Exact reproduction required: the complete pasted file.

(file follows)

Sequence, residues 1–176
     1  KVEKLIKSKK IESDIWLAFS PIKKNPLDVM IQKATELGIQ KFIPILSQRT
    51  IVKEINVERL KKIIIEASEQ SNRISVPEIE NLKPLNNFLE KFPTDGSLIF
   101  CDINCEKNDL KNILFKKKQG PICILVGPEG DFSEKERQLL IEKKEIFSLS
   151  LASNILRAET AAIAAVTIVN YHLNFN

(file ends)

Sequence, residues 1–176
     1  KVEKLIKSKK IESDIWLAFS PIKKNPLDVM IQKATELGIQ KFIPILSQRT
    51  IVKEINVERL KKIIIEASEQ SNRISVPEIE NLKPLNNFLE KFPTDGSLIF
   101  CDINCEKNDL KNILFKKKQG PICILVGPEG DFSEKERQLL IEKKEIFSLS
   151  LASNILRAET AAIAAVTIVN YHLNFN